Eliot Luke on the Arts, critique and writing

Firstly, I would like to clarify what I mean by art.

I use the term in regards to all artistic expression, whether that be drawn, written or filmed. This is a broad category to address in respect to critical theory and its relation to art (modern or historical). My premise is as thus: critical theory is effectively worthless.

I say this both in regards to the validity of the theory/theories as a whole but also their application to art. Critical Theory has one, major, underlying flaw; it offers no solutions. The purpose of it is to criticise anything and everything about a piece of art and make sure it conforms to the particular perspective of that theory (let’s take Marxism as an example) ensuring that regardless as to the original intent of the author, it is now about class struggle and is a representation of the fight between the proletariat and the bourgeois. The inherent difficultly here is that because it offers no solutions it is not a good criticism, those that critique work whilst offering no improvements are titled ‘armchair critics’. The definition of this reads ‘a person who knows or pretends to know a lot about something in theory rather than practice’. Critical Theory fits perfectly into this category as it does not proffer a fix for the problems it sees, it states that they are there and then expects something to happen. This makes it worthless as a critical theory as it is incapable of suggesting an improvement, it serves no function. Moreover it ignores the art itself, a poem such as ‘Her Kind’ by Anne Sexton, is a good example of a poem conveying the story of the life of a woman and what she had done in her lifetime. It discusses the various stages of life which she has gone through and is overall a well-crafted poem capturing the rebellion of youth, the sentimentality of adulthood and the facing of death. It offers insight into the life of one who has done much with her time on earth.

A Feminist reading (for example) would utterly ignore the structure of the poem and the story it tells and simply complain that she became more submissive (I would call mature) in her age and has become too feminine and thus controlled by “patriarchy”. This completely misses the reason behind the writing of the poem and lacks any significance, it is irrelevant as this was not the message that the author wrote the poem for. It does not seek the true meaning behind the poems inception but rather the ideological perspective of the reader viewing it through a feminist lens. Neither does it acknowledge the poem as a piece of art and this is what I consider to be the worst transgression. It, along with all other perspectives of critical theory, see it as a political statement, nothing more. There is attention paid to the balanced nature of the character within the poem, there is no curiosity as to why the women found herself ‘not ashamed to die’. The only thing that matters is that in the first verse paragraph of the poem she rebelled against societal norms and thus the bourgeois. That is all a Marxist theorist would see, nothing about the quality of the art itself only their incontrovertible political position.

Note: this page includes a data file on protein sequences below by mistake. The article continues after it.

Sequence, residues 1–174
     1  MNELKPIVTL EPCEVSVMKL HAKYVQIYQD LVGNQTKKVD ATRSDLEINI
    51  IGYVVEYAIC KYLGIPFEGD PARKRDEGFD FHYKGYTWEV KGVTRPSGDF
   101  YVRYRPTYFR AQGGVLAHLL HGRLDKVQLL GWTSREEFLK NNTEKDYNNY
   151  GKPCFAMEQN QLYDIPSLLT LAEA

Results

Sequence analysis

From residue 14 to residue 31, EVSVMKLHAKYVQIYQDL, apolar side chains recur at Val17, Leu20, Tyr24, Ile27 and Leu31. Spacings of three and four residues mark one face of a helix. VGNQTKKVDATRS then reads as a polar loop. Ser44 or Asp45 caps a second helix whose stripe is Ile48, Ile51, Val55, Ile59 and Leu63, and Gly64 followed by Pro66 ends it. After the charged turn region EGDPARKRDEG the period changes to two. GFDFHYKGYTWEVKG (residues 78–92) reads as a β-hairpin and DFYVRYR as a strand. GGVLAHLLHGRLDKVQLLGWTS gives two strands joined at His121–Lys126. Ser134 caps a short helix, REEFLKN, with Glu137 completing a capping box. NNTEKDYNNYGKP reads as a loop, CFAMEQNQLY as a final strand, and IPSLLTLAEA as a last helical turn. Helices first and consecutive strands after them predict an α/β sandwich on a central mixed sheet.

Art should be critiqued for what it is, the ultimate expression of humanity. No other species on earth can create art for the sake of art. No other living thing in existence that we know of can envision an entirely new world that is not bound to the world, that can dare imagine a world with mysticism or new technologies not yet created. The question should never be ‘is it art?’, but rather ‘what does it add to the world of art?’. ‘Her Kind’ is a poignant addition as it is not only well written, but also a comment on how people change throughout their lifetimes. We can call a glass of water on a shelf “oak tree” (I am not kidding this is a real thing in a modern art gallery), a worthless addition to the world of art as it has no meaning and was not made as an expression of the heart but rather a cheap, pretentious attempt at fame. Similarly we can call ‘Twilight’ (both film and book) a work of art and yet also criticise it for its utterly bland characters and (in the film) an excess of ‘stares’. A Marxist reading of Twilight would not tell us why it is bad because it does not consider it to be an art form, indeed Marxism disagrees with the mere concept of individual choice and thus individual expression. Critical theory is not fit for purpose as it does not acknowledge art for what it is but rather what its ideological perception of reality wants to believe it is.

And you can take it from me, there is a colossal difference between those two.

-Eliot Luke, year 12

*DISCLAIMER- all opinions on BlogBolt belong to the person who wrote the article. BlogBolt is not responsible for any of the opinions made.

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